Nicola Sturgeon should stand down if she is found to have breached the ministerial code, new Scottish Labour leader Anas Sarwar has said.
The First Minister is the focus of an investigation over whether she misled the Scottish Parliament on when she knew about allegations of harassment made against her predecessor Alex Salmond.
Ms Sturgeon said she first learned of the complaints in a meeting with Mr Salmond at her home in early April 2018, but it later emerged she had been told by his former chief of staff in her Holyrood office a few days prior, a fact she claims to have forgotten.
She referred herself for investigation by James Hamilton QC, an independent adviser on the ministerial code.
If Ms Sturgeon is found to have broken the ministerial code, Mr Sarwar said she should step down, saying she would expect the same of ministers in other parties.
“If there is a minister, forget who the minister is or what political party they are from, if a minister is found to have breached the ministerial code, I think people would expect that minister to resign,” the newly elected Scottish Labour leader told Sky News’ Sophy Ridge On Sunday.
“That’s what Nicola Sturgeon would say if it was a Labour politician, a Conservative politician or a Liberal Democrat politician, so let’s take the party politics out of it – it’s a point of principle.”
When pushed specifically on whether or not the First Minister should step down, Mr Sarwar said: “Yes, I think Nicola Sturgeon herself would say that if an opposition politician was in government and they’d breached the ministerial code, they would be expected to resign.
“Let’s take the party politics and the personalities out of it, it’s a point of principle and respecting the office of First Minister.”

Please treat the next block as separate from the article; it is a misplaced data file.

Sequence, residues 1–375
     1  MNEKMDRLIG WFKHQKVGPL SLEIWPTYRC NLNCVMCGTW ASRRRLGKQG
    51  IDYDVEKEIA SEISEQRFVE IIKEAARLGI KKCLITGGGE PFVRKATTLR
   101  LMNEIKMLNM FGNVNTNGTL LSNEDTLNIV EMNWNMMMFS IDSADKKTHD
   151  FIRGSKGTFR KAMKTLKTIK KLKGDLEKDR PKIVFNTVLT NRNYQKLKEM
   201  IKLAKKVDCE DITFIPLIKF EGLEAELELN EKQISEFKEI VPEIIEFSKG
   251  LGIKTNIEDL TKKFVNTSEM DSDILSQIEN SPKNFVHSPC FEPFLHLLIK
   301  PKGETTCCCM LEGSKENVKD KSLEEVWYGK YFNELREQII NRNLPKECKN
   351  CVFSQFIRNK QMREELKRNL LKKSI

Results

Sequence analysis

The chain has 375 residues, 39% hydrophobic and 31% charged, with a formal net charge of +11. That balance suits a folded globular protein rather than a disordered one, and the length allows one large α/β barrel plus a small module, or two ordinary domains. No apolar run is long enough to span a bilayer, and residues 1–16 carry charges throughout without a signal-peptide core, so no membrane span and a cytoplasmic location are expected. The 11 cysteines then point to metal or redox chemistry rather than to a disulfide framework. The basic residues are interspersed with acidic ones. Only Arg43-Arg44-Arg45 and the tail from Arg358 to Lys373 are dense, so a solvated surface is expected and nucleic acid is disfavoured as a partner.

Speaking in his first broadcast interview since becoming leader on Saturday, defeating Monica Lennon with more than 57% of the vote, Mr Sarwar said he believes the First Minister would not support touting a referendum on independence if it were not for the internal struggles of the SNP.
Factions within Scotland’s ruling party have grown more impatient with the approach to independence in recent months, as well as internal strife on the issue of transgender rights and the ongoing Salmond inquiry – where the former first minister claims there has been a “malicious and concerted” effort to push him out of public life from the highest echelons of the party.
The Glasgow MSP said: “The idea that we come through (the Covid-19 pandemic) and straight into a divisive referendum campaign, I just don’t think it’s the right thing to do – instead I think it’s right that we focus on rebuilding our country.”
He added: “I actually don’t think even Nicola Sturgeon would be advocating a referendum right now, but I think she’s more focused on healing the wounds in her political party than she is about healing the wounds in the country.”